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Publication numberUS7650485 B1
Publication typeGrant
Application numberUS 11/786,337
Publication dateJan 19, 2010
Filing dateApr 10, 2007
Priority dateApr 10, 2007
Fee statusPaid
Publication number11786337, 786337, US 7650485 B1, US 7650485B1, US-B1-7650485, US7650485 B1, US7650485B1
InventorsYuan C. Chou
Original AssigneeSun Microsystems, Inc.
Export CitationBiBTeX, EndNote, RefMan
External Links: USPTO, USPTO Assignment, Espacenet
Structure and method for achieving very large lookahead instruction window via non-sequential instruction fetch and issue
US 7650485 B1
Abstract
A multithreading processor achieves a very large lookahead instruction window by allowing non-sequential fetch and processing of the dynamic instruction stream. A speculative thread is spawned at a specified point in the dynamic instruction stream and the instructions subsequent to the specified point are speculatively executed so that these instructions are fetched and issued out of sequential order. Very minimal modifications to existing processor design of a multithreading processor are required to achieve the very large lookahead instruction window. The modifications include changes to the control logic of the issue unit, only three additional bits in the register scoreboard.
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Claims(19)
1. A computer processor based method comprising:
executing, by an architectural thread, instructions in a dynamic instruction stream;
spawning a speculative thread at a specified location in the dynamic instruction stream during the executing by the architectural thread; and
executing, by the speculative thread, instructions in the dynamic instruction stream subsequent to the specified location so that instructions in the dynamic instruction stream are fetched and issued out of sequential order with respect to the executing by the architectural thread,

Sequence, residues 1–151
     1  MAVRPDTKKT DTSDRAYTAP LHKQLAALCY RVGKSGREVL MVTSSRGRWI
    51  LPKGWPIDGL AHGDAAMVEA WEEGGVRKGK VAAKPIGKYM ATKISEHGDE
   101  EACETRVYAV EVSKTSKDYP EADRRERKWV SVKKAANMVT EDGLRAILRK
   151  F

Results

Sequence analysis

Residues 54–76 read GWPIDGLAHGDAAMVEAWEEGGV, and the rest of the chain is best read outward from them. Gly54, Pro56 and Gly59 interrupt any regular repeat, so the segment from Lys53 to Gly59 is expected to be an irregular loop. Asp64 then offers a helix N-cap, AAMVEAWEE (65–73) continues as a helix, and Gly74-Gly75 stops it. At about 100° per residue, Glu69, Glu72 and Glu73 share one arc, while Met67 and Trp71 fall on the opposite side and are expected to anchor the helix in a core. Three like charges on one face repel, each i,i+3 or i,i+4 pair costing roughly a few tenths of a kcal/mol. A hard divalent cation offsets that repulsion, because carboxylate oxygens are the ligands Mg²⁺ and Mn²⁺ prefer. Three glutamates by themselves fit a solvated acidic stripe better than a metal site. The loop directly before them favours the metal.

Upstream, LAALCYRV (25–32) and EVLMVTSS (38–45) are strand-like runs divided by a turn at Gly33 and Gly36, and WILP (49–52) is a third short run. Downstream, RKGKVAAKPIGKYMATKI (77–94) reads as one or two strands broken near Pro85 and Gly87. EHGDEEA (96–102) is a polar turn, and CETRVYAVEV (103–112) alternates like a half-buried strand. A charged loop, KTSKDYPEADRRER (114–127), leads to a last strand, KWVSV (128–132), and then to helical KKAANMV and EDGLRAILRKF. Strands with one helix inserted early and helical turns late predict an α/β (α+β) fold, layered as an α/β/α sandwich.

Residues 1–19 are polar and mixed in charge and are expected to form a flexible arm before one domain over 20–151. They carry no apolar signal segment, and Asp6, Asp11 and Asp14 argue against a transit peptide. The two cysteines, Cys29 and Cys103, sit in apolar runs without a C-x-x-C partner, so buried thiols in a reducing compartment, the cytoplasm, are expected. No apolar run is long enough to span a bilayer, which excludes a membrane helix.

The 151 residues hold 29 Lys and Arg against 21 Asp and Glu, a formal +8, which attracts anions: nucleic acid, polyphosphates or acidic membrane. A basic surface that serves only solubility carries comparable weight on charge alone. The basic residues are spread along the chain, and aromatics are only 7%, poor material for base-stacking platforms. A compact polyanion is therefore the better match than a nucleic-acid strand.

wherein the specified location is at least more than two-hundred instructions beyond the oldest instruction that is awaiting completion of execution for the architectural thread.
2. The computer processor based method of claim 1 wherein the executing by the speculative thread further comprises:
applying a bit mask to expected live-in bits in a register scoreboard to assert an expected live-in bit for each register that the speculative thread expects to have a value made available by the executing by the architectural thread.
3. The computer processor based method of claim 1 wherein the executing by the speculative thread further comprises:
checking a state of a written bit, in a register scoreboard, for a register that is read in executing an instruction.
4. The computer processor based method of claim 3 wherein the executing by the speculative thread further comprises:
asserting a read-before-written bit for the register in the register scoreboard when the checking ascertains that the written bit is not asserted.
5. The computer processor based method of claim 4 wherein the executing by the architectural thread further comprises:
reading the read-before-written bit in executing an instruction that writes to the register; and
flushing the speculative thread upon determining the read-before-written bit is asserted.
6. The computer processor based method of claim 1 wherein the executing by the architectural thread further comprises: